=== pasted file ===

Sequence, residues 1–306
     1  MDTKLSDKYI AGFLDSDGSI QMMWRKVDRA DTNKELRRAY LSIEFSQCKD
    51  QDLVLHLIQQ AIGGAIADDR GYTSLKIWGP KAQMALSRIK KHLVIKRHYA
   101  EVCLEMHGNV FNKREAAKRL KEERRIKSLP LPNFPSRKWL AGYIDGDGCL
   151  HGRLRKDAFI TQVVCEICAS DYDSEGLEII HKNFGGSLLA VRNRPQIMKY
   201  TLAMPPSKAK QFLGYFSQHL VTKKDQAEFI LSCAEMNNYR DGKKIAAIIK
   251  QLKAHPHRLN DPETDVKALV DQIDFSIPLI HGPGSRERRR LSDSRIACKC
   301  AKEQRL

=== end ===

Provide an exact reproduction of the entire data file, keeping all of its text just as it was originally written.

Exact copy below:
Sequence, residues 1–306
     1  MDTKLSDKYI AGFLDSDGSI QMMWRKVDRA DTNKELRRAY LSIEFSQCKD
    51  QDLVLHLIQQ AIGGAIADDR GYTSLKIWGP KAQMALSRIK KHLVIKRHYA
   101  EVCLEMHGNV FNKREAAKRL KEERRIKSLP LPNFPSRKWL AGYIDGDGCL
   151  HGRLRKDAFI TQVVCEICAS DYDSEGLEII HKNFGGSLLA VRNRPQIMKY
   201  TLAMPPSKAK QFLGYFSQHL VTKKDQAEFI LSCAEMNNYR DGKKIAAIIK
   251  QLKAHPHRLN DPETDVKALV DQIDFSIPLI HGPGSRERRR LSDSRIACKC
   301  AKEQRL